E3 2016: and finally 4K console gaming is on the horizon

Written by Andy Stout

Microsoft40% smaller and a lot nicer: the new Xbox One S

Microsoft unveiled not one, but two future consoles, Playstation confirmed an October 13 launch date for Playstation VR and teased its Neo 4K Playstation, and Nintendo, once more, goes its own sweet way.

Iterative console releases have fallen out of fashion somewhat of late, but as we teeter towards the end of the eight generation of videogame consoles and get our first glimpse of the ninth, we get the chance to give the current hardware one more refresh and re-release. And while the introduction of 4K gaming is perhaps not as dramatic a leap as, say, the addition of the Mega CD to the Sega Genesis some quarter of a century ago, it is both long overdue and welcome.

Microsoft somewhat stole the show with first the pre-show leak and then confirmation of not one, but two forthcoming consoles. The first is the Xbox One S, due to ship in August, a unit that is 40% smaller than the current machine, about 100% funkier, and not only introduces support for 4K but expands the console’s remit to include HDR gaming as well.

Pricing is expected to be in the $299 region for the 500GB version. According to interviews in the gaming press, the HDR support has been achieved by giving developers access to a bit more CPU and GPU power. But what is important to point out here is that we are not talking about 4K gaming: the hardware of the two Xbox One models is essentially the same and, while the new machine can support 4K, that’s 4K media playback, not 4K games.

4K everywhere comes with the new Project Scorpio, the first ninth gen console to break cover, and somewhat inevitably billed as “the most powerful console ever created.” Its developers have a point though. Due to ship by Christmas 2017, according to the picture put together by Eurogamer its spec sees an impressive power boost for living room gaming, with six teraflops of GPU power, a rumoured 12GB of GDDR5 memory, and eight as-yet unspecified CPU cores (perhaps a re-engineering of the current Jaguars), all of which should in theory be enough to enable a native 4K experience.

We say in theory, because rumours are already circulating about the Playstation Neo, the newly engineered Playstation 4 console due to land in time for this year’s holiday season, and the fact that it may be upscaling games content to 4K rather more than it is currently letting on. Already dubbed the Playstation 4.5, essentially it is an ‘elite’ model which introduces 4K to the market. Giant Bomb has done the digging and speculates that the new unit will have eight Jaguar CPU cores running at 2.1GHz rather than the 1.6GHz in the PS4, an improved AMD GCN with 36 CUs running at a higher rate of 911MHzz, and faster GDDR5 memory - 8GB at 218GB/s. It looks like all PS4 games will run on both machines which will co-exist in the market (opening up the potential for patched version of extant titles) with Sony simply insisting that the framerate on Neo must be equal or higher than on the PS4.

And if the 4.5 seems like a slightly strange move on the face of it, it makes more sense when taken against the background of the Playstation VR, which has been confirmed as having an 13 October release. Essentially it provides that little bit extra grunt that VR needs to be truly immersive, and with a whole slew of VR titles on show at E3 — Star Wars and Resident Evil chief amongst them — the prospects for the unit to take VR into the genuine mass market by Christmas seem quite good.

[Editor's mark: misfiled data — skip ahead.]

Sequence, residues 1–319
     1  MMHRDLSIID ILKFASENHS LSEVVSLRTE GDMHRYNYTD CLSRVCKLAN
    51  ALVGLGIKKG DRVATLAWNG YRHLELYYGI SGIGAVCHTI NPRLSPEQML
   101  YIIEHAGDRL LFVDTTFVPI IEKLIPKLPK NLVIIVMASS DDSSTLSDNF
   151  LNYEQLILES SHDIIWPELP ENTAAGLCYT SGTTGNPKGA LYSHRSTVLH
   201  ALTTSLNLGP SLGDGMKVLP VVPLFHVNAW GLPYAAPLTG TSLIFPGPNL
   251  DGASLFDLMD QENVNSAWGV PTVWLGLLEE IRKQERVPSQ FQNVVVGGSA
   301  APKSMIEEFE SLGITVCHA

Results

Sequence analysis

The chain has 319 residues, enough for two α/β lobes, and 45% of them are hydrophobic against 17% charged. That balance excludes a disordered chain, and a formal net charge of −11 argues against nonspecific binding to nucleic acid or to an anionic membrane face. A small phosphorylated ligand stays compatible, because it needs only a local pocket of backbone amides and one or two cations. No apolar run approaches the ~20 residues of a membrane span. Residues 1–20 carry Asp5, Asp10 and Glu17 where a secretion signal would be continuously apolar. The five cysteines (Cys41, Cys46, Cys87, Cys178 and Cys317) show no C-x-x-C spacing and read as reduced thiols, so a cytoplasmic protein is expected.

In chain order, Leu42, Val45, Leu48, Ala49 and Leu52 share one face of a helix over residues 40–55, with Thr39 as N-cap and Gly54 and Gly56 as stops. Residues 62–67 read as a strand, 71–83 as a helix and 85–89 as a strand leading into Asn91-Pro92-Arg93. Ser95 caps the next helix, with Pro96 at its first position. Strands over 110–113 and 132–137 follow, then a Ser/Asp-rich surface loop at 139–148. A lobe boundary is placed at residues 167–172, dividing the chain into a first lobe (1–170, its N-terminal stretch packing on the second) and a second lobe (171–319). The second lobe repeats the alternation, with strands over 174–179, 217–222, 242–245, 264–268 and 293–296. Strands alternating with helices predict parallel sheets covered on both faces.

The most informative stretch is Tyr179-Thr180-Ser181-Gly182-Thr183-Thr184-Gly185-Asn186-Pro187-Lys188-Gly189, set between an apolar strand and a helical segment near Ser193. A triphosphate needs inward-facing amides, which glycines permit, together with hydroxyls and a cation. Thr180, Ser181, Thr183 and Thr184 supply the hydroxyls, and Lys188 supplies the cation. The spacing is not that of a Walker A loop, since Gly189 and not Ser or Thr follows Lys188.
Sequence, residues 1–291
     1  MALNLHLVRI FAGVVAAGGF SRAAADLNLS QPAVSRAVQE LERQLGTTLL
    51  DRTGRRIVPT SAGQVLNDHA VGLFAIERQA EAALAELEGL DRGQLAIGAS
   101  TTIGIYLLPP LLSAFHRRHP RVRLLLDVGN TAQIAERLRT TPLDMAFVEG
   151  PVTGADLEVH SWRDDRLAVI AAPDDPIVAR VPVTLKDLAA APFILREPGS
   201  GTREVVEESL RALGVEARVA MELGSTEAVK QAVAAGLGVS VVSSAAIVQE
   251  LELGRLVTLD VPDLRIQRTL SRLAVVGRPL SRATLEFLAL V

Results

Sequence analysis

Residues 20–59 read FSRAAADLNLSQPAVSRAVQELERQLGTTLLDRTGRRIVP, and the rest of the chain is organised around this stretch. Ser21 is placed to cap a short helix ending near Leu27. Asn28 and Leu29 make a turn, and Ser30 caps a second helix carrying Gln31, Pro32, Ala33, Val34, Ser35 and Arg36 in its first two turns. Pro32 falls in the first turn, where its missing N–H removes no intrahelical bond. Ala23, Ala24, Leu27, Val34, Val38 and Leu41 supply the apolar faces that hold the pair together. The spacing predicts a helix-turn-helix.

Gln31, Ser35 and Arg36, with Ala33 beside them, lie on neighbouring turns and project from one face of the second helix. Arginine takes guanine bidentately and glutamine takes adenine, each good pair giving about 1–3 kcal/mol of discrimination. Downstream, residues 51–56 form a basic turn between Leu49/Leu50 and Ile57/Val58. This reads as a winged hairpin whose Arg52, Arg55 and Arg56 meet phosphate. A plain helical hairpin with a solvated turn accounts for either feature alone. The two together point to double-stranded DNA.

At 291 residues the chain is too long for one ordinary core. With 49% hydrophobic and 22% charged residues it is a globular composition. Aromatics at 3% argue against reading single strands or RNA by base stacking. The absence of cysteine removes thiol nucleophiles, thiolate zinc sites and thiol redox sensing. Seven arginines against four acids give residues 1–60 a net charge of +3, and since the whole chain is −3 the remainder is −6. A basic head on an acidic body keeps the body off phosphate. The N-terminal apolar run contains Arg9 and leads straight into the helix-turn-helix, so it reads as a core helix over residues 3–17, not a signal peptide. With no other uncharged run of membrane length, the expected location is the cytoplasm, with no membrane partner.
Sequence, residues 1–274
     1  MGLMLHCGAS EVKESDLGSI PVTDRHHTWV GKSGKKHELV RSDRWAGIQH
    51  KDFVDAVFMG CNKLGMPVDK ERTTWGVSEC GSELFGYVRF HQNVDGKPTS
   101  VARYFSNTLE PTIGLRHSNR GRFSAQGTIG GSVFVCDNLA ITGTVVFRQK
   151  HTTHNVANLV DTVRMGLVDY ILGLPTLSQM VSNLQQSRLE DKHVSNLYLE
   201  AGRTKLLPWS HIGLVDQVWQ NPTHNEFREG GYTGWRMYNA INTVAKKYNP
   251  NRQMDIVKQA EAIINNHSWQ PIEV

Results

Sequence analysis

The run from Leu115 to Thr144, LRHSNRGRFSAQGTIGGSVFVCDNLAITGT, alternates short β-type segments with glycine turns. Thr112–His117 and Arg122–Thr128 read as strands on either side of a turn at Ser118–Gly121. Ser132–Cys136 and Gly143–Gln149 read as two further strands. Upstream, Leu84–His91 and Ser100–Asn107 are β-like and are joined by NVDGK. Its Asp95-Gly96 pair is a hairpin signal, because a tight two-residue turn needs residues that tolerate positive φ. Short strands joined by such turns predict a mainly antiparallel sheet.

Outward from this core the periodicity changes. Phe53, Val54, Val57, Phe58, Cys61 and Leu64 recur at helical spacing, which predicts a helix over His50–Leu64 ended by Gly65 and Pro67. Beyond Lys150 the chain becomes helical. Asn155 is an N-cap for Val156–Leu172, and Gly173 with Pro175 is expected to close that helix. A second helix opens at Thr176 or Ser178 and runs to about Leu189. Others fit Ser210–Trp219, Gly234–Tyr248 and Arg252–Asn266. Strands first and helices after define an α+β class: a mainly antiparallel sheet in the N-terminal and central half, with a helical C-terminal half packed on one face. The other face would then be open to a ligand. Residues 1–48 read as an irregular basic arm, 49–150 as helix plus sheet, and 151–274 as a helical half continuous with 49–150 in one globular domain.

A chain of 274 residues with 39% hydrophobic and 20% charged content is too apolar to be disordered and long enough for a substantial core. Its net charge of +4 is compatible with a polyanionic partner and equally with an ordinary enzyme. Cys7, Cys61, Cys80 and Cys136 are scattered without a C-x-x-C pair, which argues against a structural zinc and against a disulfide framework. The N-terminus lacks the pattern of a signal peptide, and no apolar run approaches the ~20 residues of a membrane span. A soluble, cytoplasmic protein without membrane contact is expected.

Despite appearances here, Sony actually rather glossed over the hardware aspects of its business at E3, instead choosing to focus on the games themselves. The master of that approach, however remains Nintendo, which chose to concentrate on the forthcoming Zelda game, The Legend of Zelda: Breath of the Wild. In fact its booth at the show was exclusively given over to the title, which will be both the last major in-house title for the Wii U (which was the version on show) and the first for its forthcoming NX console, due out in March 2017

Nintendo famously plays its cards close to its chest when it comes to hardware, so details about the NX’ capabilities are rarer than hen’s teeth at the moment. But with Project Scorpio and a revamped Playstation either in or about to enter the market, and the Wii U, for all its plus points, the worst selling machine in the company’s history, the pressure is somewhat on.

4K? VR? Something else entirely, such as a genuinely portable console hybrid? The company tends to do best when pursuing its own agenda and bringing in something genius out of the left field, such as the Wii motion controllers, but here’s what Nintendo President, Tatsumi Kmishima, said in a recent interview to Time: "I can assure you we're not building the next version of Wii or Wii U. It's something unique and different.”

Quite what, we will know next year.

Tags: Technology

Comments

Related Articles

24 May, 2020

Sensors need better technology, not more resolution

 

The Sensor of the Future

Replay: This was first published in 2013, but the discussion about sensor technology is as relevant as ever. Just how can...

Read Story

27 April, 2020

Maxon Cinema 4D S22 first release from the new subscription model

Maxon has updated Cinema 4D, the company's acclaimed VFX, 3D modelling, animation and rendering software, to version S22. This is the first release...

Read Story

27 April, 2020

LaCie Rugged drives are the perfect storage you need when going gets really tough [Sponsored]

There can't be many more extreme environments to be in than the Arctic tundra during a full white out blizzard. This is the sort of environment that...

Read Story